- Katie Couric opened up about losing her first husband Jay Monahan to colon cancer.
- The former Today host is encouraging others to get early screenings after Monahan developed stage 4 cancer at 41.
- Couric established Stand Up To Cancer, an organization that raises money and awareness for cancer research, in 2008.
March is Colorectal Cancer Awareness Month, but that’s just one reason Katie Couric is encouraging people to take advantage of early detection screenings. In a new interview with Today, the journalist and founder of Katie Couric Media said she began advocating for screenings after her first husband Jay Monahan passed away from colon cancer in 1998.
“The bottom line is, early screening saves lives. Early detection saves lives,” Couric said. Monohan was 41 when he developed stage 4 colon cancer and passed away just one year later. Couric previously told HealthDay that, after being doubled over with pain in his abdomen, Monohan learned his colon was “completely blocked” by a tumor.
“Jay never really had any symptoms of colon cancer, other than being tired all of the time, which we chalked up to a busy lifestyle, having young children, and his coast-to-coast trips providing legal analysis for NBC,” she said.
The America Cancer Society (ACS) says that colorectal cancer often doesn’t cause symptoms until it has grown or spread, which is why getting screened is so important. The ACS has recommended screening for those age 45 and older since 2018, and in October 2020, draft guidelines from the U.S. Preventive Services Task Force also recommended that screening starts at age 45.
“Screening wouldn’t have crossed our minds for Jay, when he was diagnosed at 41,” Couric said. “My hope is that we figure out a way to do even broader screening and that we can save even more lives, but until then, people need to pay attention.”
A study published in the BMJ found that getting a colonoscopy—an exam that uses a long, flexible tube to check for abnormalities in the colon—was associated with a 67% reduction in the risk of death for any colorectal cancer.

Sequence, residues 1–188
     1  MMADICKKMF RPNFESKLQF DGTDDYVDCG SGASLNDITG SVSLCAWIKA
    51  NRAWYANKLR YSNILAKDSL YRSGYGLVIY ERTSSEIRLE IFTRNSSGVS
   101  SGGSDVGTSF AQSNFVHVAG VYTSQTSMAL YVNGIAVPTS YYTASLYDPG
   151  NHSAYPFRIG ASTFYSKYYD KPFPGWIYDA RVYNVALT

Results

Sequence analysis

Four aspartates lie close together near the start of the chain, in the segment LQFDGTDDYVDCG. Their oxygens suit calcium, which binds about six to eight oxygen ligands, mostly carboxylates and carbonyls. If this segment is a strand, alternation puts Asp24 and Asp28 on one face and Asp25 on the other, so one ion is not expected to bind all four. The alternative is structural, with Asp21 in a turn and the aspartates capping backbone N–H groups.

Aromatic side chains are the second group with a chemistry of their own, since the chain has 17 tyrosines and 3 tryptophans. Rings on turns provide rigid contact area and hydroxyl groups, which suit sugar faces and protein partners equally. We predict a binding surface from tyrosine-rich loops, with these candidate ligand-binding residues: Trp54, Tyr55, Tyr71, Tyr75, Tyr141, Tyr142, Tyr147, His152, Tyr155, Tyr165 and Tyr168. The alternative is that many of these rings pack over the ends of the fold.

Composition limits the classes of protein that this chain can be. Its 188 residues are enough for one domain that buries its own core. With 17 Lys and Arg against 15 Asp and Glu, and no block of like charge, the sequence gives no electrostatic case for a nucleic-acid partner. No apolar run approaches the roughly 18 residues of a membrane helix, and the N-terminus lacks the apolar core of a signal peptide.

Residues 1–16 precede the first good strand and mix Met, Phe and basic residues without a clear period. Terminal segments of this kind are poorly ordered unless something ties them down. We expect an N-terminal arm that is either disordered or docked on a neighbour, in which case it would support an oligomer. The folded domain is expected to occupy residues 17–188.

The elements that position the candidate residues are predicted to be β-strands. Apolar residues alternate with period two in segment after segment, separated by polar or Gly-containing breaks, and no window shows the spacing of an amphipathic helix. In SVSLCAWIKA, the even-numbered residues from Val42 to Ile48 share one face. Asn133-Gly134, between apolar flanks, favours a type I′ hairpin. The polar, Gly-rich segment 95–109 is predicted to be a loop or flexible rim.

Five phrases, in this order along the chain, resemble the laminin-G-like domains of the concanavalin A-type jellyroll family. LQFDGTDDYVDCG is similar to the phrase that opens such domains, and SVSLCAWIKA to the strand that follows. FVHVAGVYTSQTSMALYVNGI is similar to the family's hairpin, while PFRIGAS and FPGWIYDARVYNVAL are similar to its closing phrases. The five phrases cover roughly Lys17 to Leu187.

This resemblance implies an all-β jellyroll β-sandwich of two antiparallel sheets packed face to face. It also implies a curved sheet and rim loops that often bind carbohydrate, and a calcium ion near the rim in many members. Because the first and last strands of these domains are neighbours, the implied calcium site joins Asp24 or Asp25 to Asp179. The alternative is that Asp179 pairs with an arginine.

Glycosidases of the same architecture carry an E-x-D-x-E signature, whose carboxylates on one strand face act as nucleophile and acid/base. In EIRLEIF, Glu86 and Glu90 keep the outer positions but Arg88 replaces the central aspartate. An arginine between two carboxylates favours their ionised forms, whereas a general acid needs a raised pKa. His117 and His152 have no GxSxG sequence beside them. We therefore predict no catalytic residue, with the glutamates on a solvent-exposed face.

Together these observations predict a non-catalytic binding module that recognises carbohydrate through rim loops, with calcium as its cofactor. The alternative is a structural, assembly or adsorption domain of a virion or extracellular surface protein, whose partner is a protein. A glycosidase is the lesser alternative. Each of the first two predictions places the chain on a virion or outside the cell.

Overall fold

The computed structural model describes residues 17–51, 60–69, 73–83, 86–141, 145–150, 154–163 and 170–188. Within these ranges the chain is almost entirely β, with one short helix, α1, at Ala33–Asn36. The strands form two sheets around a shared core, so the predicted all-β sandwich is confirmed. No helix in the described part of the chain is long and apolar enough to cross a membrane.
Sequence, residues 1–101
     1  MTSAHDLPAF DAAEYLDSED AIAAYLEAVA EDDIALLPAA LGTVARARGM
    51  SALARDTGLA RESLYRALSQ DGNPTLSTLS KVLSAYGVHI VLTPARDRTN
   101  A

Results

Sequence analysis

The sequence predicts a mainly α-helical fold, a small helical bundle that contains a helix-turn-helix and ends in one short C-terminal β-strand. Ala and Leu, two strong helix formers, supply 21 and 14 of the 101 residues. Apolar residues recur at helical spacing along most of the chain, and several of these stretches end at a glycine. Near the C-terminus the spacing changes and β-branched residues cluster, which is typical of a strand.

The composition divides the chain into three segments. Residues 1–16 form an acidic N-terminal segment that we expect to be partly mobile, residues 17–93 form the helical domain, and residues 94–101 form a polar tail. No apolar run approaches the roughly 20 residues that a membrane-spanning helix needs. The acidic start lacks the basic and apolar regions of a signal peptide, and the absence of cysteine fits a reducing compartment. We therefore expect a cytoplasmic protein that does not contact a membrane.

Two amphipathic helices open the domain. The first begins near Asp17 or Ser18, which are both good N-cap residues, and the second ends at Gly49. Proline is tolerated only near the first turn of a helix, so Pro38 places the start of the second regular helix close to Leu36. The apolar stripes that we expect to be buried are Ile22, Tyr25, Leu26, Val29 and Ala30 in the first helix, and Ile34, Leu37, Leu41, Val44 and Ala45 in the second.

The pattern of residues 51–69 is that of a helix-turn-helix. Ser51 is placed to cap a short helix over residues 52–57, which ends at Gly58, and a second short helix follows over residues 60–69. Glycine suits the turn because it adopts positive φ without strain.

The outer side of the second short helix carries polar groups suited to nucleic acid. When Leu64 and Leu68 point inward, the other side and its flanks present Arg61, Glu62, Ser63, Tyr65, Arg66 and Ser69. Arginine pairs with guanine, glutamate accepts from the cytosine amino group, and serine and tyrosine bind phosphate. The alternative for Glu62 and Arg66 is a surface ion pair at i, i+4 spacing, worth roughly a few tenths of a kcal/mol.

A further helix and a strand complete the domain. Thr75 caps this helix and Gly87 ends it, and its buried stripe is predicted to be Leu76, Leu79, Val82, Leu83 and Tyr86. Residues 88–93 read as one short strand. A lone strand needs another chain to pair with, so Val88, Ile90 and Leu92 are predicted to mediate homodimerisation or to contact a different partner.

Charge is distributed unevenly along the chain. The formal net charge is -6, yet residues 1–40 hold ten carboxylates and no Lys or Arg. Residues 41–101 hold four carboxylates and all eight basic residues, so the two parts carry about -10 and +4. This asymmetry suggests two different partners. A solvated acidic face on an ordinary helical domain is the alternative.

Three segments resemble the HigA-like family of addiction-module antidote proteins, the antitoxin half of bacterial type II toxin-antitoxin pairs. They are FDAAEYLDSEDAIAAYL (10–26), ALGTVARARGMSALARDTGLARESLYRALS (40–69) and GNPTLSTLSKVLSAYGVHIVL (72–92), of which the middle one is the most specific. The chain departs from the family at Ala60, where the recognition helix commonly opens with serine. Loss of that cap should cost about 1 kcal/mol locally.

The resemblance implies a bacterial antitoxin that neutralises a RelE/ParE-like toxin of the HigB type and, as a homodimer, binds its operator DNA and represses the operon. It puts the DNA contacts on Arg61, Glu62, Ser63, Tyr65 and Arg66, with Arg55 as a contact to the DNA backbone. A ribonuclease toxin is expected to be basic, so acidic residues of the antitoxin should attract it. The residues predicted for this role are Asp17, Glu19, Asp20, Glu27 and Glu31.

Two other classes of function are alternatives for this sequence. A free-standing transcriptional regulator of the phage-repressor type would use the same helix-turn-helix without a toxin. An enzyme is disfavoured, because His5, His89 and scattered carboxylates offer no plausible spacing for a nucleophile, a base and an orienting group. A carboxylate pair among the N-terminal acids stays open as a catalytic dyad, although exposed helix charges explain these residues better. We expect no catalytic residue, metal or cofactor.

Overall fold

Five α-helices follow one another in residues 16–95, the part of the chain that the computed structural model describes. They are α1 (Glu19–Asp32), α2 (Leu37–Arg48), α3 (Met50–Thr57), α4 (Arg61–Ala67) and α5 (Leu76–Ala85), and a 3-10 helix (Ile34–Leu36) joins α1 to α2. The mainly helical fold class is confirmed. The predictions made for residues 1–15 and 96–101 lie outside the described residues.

Colon cancer rates in adults under 50 have been rising since the mid-80s, the ACS says, and younger age groups have seen the sharpest increases. In fact, one 2017 study found that people younger than 55 are 58% more likely to be diagnosed with late-stage colorectal cancer than older people. This is “largely due to delayed follow-up of symptoms, sometimes for years, because cancer is typically not on the radar of young adults or their providers,” the authors wrote.
Couric famously underwent a colonoscopy on air during a Today show segment in 2000 when she was 43. She also got “his and hers” colonoscopies in 2019 with her husband John Molner, where she revealed on Instagram that her doctors removed two polyps during the procedure. (A polyp is a growth in the colon that can sometimes become cancerous, the ACS says.)
“These have the potential to develop into cancer and that’s why screening is SO IMPORTANT!” Couric wrote in an Instagram caption. “Yeah, the prep isn’t that fun but it’s A LOT better than being diagnosed with colon cancer!”
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Couric also highlighted that more research is needed to explain why Black adults are 20% more likely to get colorectal cancer and about 40% more likely to die from it than other groups.
“We need to diversify our (clinical trial) patients,” she said. “We need to study why people of color, Black people in particular, are having much higher incidents of rectal cancer. … We are making a very concerted effort to widen our net, and to make sure that underserved populations or people who don’t have access to medical care are screened for colon cancer and that they are included in all cancer research.”
She also added that she’s “very concerned” that people may be missing screenings due to the pandemic. “We really have to make up for lost time,” Couric said. “As we come out of this pandemic, you need to talk to your doctor, you need to make an appointment.”
Although Couric lost her husband two decades ago, she continues to honor him by spreading awareness about colon cancer. “You live on in your girls and in our hearts,” she wrote in a January 2020 Instagram post. “We love you and miss you every day.”
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